This is the season the Toronto Maple Leafs win the Stanley Cup.
The National Hockey League landscape shifted on Canada Day when free agent John Tavares tore off his comforter and awoke to a childhood dream.
“The mood changes. The approach changes,” Morgan Rielly said Monday at the club’s rained-out charity golf tournament.
“You would like to think that we’re going in the right direction, but we’ll see.
“Where we are now compared to where we were a few years ago is a move in the right direction, but we got more room to go.”
Odds-makers shuffled their lines, pegging the Leafs early favourites to go the distance.
Several pundits have devoted summer radio hits to extolling the virtues of Toronto’s formidable depth up the middle.
And at last week’s NHL player media tour, hacks like Crosby, Kane, Evgeni Malkin, and Tyler Seguin all selected the Maple Leafs as the best bet to keg-stand from Lord Stanley’s Mug (their own teams notwithstanding).
“That’s what happens with good teams,” Rielly says, aware that peer respect is spiking. “Once you become an established team a little bit and players get more comfortable and a bit more experienced, you start to believe in yourself and you start to have bigger goals — and that’s certainly what happened here.”
Centre Nazem Kadri, a coach’s dream option at 3C, agrees.
“It’s nice to have that recognition, for sure. I think the guys have earned that to a certain extent,” Kadri says. “But to be a contender is a whole different story, and we know the work that’s ahead of us.”
With training camps opening league-wide this week, Toronto will engineer the hype train. So it’s only wise for the players themselves to do their part in tempering expectations.
How did all that positive pre-season speculation work out for the 2016-17 Tampa Bay Lightning or the 2017-18 Edmonton Oilers, a cautionary tale?
“You can’t believe your own hype,” Darnell Nurse recently said of the high hopes placed from the outside on last season’s Oilers. “We didn’t have that hunger we did the year before that made us so successful.”
Rielly says motivations and goals are strong, but there’s no internal “expectation” per se among a group that has yet to win a single playoff series.
That Kadri — arguably the most confident Leaf when standing before a microphone — is reining in the hoopla is telling. He’s taking cues from the fulcrum of all the giddy vibes, Tavares, a measured realist whom goalie Frederik Andersen describes as “a natural leader and a superstar in this league.”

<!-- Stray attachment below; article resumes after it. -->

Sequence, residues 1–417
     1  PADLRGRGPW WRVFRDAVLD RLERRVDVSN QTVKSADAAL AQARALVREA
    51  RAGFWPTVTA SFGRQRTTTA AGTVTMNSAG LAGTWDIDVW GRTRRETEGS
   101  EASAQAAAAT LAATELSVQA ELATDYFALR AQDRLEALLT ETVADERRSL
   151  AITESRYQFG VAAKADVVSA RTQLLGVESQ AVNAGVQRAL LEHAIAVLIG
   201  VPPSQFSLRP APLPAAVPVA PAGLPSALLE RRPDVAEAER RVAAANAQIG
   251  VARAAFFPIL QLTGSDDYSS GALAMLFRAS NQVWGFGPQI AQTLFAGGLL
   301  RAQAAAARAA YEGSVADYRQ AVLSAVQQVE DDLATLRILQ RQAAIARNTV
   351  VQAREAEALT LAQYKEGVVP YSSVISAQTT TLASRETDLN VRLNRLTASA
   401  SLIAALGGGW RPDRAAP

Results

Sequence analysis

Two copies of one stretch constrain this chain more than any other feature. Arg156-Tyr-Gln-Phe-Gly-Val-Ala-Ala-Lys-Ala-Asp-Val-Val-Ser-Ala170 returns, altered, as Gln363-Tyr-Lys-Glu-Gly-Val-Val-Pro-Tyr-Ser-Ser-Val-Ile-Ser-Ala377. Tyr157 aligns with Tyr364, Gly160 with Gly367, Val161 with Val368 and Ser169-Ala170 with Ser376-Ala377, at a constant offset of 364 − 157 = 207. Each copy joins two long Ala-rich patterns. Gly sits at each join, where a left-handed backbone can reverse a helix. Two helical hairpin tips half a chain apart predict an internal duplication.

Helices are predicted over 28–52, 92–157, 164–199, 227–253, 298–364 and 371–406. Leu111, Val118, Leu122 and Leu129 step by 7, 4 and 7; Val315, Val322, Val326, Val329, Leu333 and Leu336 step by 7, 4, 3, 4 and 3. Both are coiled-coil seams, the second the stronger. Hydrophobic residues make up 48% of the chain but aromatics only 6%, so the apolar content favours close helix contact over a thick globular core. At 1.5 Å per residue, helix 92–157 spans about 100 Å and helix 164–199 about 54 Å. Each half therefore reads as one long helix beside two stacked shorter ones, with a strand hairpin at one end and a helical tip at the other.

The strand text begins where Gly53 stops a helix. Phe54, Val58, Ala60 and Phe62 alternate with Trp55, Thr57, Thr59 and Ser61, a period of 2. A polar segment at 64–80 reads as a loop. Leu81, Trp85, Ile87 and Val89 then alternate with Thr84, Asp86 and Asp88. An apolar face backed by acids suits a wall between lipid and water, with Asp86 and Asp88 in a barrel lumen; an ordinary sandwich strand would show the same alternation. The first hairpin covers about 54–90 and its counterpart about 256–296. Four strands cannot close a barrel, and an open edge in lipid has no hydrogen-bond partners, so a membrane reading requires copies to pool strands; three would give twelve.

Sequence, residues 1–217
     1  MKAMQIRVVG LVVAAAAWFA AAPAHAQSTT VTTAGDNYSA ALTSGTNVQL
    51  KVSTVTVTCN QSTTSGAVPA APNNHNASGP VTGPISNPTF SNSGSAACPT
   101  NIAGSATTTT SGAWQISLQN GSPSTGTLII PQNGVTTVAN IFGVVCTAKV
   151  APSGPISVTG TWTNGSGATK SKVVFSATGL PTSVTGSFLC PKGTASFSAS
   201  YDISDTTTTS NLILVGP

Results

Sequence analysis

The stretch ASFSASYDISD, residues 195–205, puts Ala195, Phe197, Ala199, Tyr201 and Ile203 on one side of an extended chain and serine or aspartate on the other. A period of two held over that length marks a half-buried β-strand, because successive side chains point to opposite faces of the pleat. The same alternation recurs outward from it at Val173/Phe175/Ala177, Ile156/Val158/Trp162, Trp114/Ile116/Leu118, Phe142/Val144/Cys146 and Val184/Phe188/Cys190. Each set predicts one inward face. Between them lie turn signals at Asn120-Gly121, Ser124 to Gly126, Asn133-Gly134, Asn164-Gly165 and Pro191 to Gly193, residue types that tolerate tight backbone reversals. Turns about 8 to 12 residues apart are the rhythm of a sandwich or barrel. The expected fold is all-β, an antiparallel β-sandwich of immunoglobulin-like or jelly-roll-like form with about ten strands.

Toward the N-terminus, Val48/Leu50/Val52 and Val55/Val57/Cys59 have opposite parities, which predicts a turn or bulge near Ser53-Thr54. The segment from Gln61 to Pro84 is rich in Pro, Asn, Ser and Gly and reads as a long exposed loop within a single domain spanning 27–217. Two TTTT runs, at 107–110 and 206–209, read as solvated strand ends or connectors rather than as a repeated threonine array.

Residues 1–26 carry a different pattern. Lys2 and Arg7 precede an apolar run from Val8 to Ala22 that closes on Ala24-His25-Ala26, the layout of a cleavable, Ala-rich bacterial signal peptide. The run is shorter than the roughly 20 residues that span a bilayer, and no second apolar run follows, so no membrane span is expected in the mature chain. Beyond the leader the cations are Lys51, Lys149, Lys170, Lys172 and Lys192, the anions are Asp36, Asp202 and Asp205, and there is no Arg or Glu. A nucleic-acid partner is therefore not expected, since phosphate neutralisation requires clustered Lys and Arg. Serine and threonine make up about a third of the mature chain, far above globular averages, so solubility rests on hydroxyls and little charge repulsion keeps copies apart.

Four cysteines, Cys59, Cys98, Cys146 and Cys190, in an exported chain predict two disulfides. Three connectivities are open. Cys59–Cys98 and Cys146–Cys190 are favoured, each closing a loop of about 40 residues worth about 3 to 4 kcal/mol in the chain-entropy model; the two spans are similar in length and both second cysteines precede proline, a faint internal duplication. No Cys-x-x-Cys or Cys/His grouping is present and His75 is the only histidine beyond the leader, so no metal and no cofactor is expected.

As always, Tavares says, the objective is to win the Stanley Cup, but it’s a little ambitious to do that on Sept. 10.
“Obviously there’s a lot of excitement around the team,” Tavares says. “We’ll just worry about the journey and then kind of build from camp and getting ready for the start of the season. That’s all we can really control and worry about.”
Busy. Emotional. Stressful. Excited.
These are the adjectives Tavares uses to describe a summer that saw him move cities, throw his own wedding, sign a $77-million contract, try to improve as a hockey player, and infuriate more than a few Islanders fans.
“Whether people think I did or I didn’t, really what I tried to do is just handle myself the right way and go about it all the right way and really understand everything that was involved,” Tavares says.
“Just try to do the right thing for me and try to treat people the right way.”
Now there’s a nip in the Toronto air to mix with all that hope. Soon it will be weather-appropriate for kids to wear their 91 sweaters to school. Soon those opponents who say all those nice things about the Leafs’ speed and skill will be planning diligently to disrupt their offence. Coach Mike Babcock has always maintained that life gets harder when you’re on the radar.
Several conversations between Tavares and Babcock about the nuances of the Leafs game plan have been had. So, too, has the ice-breaking with club staff and Tavares’ eager new mates, plus a few on-ice sessions with his new Red Bull–fuelled wingman, Mitch Marner.
“He’s just Energizer Bunny out there,” Tavares says. “He’s just infectious being on the ice with, and then obviously his speed and his quickness, and there’s no question the way he thinks the game, the way he can make plays is special.”
Rielly says Tavares is a man who takes his job, his life, and his team seriously.
“I think we’ve all gotten that vibe,” Rielly says. “I spent some time [Wednesday] talking to him. He works hard, he’s always in the gym trying to get ready for the season just like the rest of us. When you talk to other guys that have played with him in the past, you ask about him and they all say great things. His reputation is certainly accurate at this point: good teammate, hardworking guy. We’re lucky to have him.”
Funny how Tavares can simultaneously act as both the cause and dampener of Toronto’s growing anticipation for a winner.
“Things have been great. I’ve been able to just be myself and live my normal daily life. I think that was a big thing for me: I don’t really want to change the way I live and kind of who I am and the way I go about things, so people [in Toronto] have been fantastic.
“I’ve had a lot of attention from people being happy about my coming home and excited about that. So that support’s been fantastic. And there’s been plenty of days I’ve gone out and haven’t been recognized or anything.”
Enjoy those days while they last, John.
Winter is coming.